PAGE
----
Here's a sneak preview of what the Magic Leap One interface looks like

Magic Leap One

The Magic Leap One has been a long time coming, a headset that transports you into a magical augmented reality world, but a proper release for the gadget is now edging closer. We also now have some official shots of the interface from Magic Leap itself.

There's a new developer guide to encourage app makers to start writing code for the upcoming device, and it shows off some of the menus and navigation screens. They only reveal so much, but it looks like the Magic Leap One will be easy to get around, with some crisp-looking UI on show in these screenshots.

The screens show an app menu, a social screen for connecting with friends, a more conventional text menu, a voice recognition screen, and an alien-blasting game. For navigating menus more easily, the real world fades out of focus.

What we also get from these pictures is a look at a possible companion mobile app for the Magic Leap One, and the option to cast what's happening on your headset to another connected screen – so your friends can watch your AR adventures too, maybe.

These images don't appear to have been captured directly from a Magic Leap One headset, so it's possible that the finished version of the device's Lumin OS is going to have differences to what we see here. However, it gives us (and developers) a good idea of what the AR goggles might actually be like to use.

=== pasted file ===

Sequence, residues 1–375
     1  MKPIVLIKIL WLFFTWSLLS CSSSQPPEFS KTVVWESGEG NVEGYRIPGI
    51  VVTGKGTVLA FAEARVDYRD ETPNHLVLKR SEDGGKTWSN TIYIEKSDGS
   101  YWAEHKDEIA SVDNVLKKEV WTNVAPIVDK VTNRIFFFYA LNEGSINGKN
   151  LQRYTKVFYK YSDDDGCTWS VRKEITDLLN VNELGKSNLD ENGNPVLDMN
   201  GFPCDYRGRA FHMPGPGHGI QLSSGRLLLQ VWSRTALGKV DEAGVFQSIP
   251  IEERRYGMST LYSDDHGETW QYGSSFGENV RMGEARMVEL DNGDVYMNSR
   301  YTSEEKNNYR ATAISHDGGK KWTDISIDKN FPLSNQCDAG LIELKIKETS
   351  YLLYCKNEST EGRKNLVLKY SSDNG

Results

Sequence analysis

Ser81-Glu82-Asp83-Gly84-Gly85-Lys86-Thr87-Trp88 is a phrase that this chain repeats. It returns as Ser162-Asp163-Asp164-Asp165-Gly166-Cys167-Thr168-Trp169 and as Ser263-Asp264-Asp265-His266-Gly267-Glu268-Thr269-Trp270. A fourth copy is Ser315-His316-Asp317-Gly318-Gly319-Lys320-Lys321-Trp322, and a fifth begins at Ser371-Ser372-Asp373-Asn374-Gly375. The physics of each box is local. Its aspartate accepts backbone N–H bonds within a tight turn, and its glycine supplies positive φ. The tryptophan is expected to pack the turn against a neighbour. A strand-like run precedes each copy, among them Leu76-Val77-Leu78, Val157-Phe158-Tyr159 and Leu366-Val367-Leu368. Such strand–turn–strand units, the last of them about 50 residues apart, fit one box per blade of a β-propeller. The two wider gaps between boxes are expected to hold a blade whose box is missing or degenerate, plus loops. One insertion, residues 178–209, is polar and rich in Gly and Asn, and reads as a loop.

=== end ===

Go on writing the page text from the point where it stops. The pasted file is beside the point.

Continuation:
Magic Leap has been slowly revealing more and more about its hardware as the launch date approaches. The company has promised that a Creators Edition aimed at developers will be out before the end of the year, with pricing still to be determined.

Via Gizmodo

David Nield
Freelance Contributor

Dave is a freelance tech journalist who has been writing about gadgets, apps and the web for more than two decades. Based out of Stockport, England, on TechRadar you'll find him covering news, features and reviews, particularly for phones, tablets and wearables. Working to ensure our breaking news coverage is the best in the business over weekends, David also has bylines at Gizmodo, T3, PopSci and a few other places besides, as well as being many years editing the likes of PC Explorer and The Hardware Handbook.